The Strokes | Angles (RCA)

Angles has been highly anticipated, facing huge expectations—and so the fact that it’s merely solid is slightly disappointing.

 

 

 

It actually seems longer than five years since the release of The Strokes’ last effort, 2006’s First Impressions of Earth. Maybe that’s because most of the members released side projects or solo albums that kept them in the spotlight. More likely though, it’s because First Impressions was not a good album and it has been a while since the band has released a quality effort. As a result, Angles has been highly anticipated, facing huge expectations—and so the fact that it’s merely solid is slightly disappointing.

Unsurprisingly, the guitar work is the heart of this album, as shown from the beginning with “Under The Cover Of Darkness.” This excellent choice for a first single is highlighted by classic Strokes’ dueling guitars, and it built my excitement for the album. They expand on this nicely and that which works on this album does so exceptionally well; the band absolutely knocks it out of the park with several of the tracks. “Life Is Simple In The Moonlight” wraps everything up perfectly, and “Gratisfaction,” an awesome, summer jam with a Rolling Stones feel, fits in very well. However, the absolute highlight of the album is the opener, “Machu Picchu,” an incredible upbeat jam that really reeled me in for the rest of the tracks. It definitely ranks with the best of the band’s work and shows they still have the ability to write awesome songs.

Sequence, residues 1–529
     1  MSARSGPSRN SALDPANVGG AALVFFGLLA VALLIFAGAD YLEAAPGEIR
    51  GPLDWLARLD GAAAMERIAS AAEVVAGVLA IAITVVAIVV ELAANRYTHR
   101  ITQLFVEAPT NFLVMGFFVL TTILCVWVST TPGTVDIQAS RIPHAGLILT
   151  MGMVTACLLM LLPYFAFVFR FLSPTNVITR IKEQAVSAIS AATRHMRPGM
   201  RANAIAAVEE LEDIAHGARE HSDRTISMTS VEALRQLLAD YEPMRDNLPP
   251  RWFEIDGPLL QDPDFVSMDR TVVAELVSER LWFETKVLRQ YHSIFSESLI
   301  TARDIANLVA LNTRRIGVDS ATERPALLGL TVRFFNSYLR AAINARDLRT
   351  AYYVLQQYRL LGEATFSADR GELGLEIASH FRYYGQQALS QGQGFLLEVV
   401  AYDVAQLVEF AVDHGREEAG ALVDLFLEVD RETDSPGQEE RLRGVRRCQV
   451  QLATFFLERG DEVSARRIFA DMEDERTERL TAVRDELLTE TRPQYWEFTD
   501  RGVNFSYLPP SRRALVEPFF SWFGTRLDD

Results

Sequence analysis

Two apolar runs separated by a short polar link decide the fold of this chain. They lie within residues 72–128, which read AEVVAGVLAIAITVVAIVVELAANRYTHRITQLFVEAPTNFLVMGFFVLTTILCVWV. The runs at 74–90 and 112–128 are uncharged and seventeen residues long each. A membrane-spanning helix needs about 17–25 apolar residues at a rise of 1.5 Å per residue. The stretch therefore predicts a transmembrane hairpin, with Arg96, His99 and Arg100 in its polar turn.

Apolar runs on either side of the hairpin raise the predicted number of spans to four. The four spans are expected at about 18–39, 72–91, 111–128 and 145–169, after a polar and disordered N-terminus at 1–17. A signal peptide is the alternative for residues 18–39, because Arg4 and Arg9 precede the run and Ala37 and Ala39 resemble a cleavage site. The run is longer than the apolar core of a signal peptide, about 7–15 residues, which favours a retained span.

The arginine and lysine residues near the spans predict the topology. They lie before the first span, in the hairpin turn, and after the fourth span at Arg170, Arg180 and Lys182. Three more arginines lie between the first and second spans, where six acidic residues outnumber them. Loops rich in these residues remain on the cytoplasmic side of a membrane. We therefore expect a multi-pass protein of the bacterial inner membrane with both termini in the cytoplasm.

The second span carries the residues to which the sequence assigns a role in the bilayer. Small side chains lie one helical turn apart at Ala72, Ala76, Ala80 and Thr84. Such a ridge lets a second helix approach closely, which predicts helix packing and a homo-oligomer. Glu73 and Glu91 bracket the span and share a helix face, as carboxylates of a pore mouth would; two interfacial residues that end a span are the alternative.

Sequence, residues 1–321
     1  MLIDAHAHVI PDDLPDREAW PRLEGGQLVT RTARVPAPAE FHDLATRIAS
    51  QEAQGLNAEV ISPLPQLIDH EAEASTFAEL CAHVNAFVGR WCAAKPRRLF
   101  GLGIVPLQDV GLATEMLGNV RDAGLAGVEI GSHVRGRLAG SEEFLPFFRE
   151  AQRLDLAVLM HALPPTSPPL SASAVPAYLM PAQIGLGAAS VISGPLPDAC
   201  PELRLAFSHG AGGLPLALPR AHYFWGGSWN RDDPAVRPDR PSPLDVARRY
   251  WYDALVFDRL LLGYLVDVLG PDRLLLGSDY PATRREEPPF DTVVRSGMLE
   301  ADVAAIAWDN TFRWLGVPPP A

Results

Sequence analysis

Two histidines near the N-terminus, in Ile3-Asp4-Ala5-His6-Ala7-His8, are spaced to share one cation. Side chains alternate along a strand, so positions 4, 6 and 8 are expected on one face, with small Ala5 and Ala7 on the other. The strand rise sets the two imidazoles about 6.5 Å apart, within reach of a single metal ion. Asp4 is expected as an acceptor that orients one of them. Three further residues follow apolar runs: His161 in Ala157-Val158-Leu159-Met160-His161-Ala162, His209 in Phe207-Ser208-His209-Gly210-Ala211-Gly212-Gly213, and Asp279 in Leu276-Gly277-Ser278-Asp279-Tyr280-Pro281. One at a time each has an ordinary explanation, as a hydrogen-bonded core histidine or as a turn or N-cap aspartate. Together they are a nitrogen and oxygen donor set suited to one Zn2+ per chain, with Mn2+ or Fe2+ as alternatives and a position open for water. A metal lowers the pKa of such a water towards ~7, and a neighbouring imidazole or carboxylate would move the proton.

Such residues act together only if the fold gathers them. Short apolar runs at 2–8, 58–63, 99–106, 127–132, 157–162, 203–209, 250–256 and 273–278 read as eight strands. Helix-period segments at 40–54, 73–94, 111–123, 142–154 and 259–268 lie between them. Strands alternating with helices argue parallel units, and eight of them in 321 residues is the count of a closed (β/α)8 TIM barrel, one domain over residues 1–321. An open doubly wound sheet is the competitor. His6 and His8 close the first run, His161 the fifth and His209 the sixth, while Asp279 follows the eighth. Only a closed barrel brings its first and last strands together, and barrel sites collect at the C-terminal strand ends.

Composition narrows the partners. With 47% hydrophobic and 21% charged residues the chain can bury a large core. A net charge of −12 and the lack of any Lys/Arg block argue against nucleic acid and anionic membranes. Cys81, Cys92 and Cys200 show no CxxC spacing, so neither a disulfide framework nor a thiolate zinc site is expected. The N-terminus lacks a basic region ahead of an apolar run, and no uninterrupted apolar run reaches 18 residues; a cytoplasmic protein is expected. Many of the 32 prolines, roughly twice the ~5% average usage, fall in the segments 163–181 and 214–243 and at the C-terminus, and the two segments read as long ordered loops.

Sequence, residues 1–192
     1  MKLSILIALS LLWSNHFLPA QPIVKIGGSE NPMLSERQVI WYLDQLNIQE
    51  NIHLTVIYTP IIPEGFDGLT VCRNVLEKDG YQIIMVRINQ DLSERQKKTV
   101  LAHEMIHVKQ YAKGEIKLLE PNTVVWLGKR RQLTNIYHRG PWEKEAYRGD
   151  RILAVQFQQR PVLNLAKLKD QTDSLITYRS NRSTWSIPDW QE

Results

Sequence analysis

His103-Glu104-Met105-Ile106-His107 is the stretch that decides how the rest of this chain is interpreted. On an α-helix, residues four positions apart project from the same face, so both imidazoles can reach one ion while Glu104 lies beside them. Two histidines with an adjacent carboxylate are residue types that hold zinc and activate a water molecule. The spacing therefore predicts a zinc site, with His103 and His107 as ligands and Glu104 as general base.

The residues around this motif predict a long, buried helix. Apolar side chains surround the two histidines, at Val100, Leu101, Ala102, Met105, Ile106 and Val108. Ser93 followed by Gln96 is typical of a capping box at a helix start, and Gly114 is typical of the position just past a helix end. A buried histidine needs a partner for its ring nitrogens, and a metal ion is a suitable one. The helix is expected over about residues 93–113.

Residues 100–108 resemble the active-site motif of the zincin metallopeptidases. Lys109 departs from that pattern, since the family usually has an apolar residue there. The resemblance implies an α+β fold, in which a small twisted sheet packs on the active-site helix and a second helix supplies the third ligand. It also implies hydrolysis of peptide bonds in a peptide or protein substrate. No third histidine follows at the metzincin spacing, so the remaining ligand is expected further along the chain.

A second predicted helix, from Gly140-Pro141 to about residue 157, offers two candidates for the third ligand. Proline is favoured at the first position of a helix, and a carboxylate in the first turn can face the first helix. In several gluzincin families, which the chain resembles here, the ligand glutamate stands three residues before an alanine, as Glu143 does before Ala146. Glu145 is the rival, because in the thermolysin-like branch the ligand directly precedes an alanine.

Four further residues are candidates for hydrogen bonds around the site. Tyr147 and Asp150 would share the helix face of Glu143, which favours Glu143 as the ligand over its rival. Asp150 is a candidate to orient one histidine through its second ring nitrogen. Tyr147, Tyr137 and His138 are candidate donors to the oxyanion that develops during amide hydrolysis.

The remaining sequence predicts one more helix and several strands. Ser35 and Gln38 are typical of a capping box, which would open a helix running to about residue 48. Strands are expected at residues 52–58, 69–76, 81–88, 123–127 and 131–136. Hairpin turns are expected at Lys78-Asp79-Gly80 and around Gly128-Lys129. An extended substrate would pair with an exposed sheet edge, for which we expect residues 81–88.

Oddly enough the drums seem to hold the album back in many ways, which is surprizing, considering that Fabrizio Moretti is a fantastic drummer. On Angles, Moretti doesn’t get to let loose the way he has in The Strokes’ past. At times the drums sound muted, like on “Taken For A Fool.” Even further, they don’t sound live, but programmed on “Two Kinds Of Happiness,” which doesn’t work for this band. From the album cover and some of the songs, you can feel the new wave influence here. It’s interesting, but new wave isn’t exactly a sound I would have picked to tweak my style if I were The Strokes. It doesn’t completely fail; in fact when it’s at its best on “Machu Picchu,” it works perfectly. However, it does give the album a disjointed feel.

Ultimately, the band seems to be trying to find a new voice, but never quite commits to it. They veer into new wave and classic rock at times, but then on other songs they seem reliant on their old style. Angles is confusing—it’s a solid album that never steers all the way into excellence. It will probably be viewed more harshly than it deserves, because considering the hype it is a disappointment. As a stand-alone record, though, it’s fairly solid and worth giving a chance. B | Brett Berliner

RIYL: Earlier Strokes, Guster, The Gaslight Anthem

 

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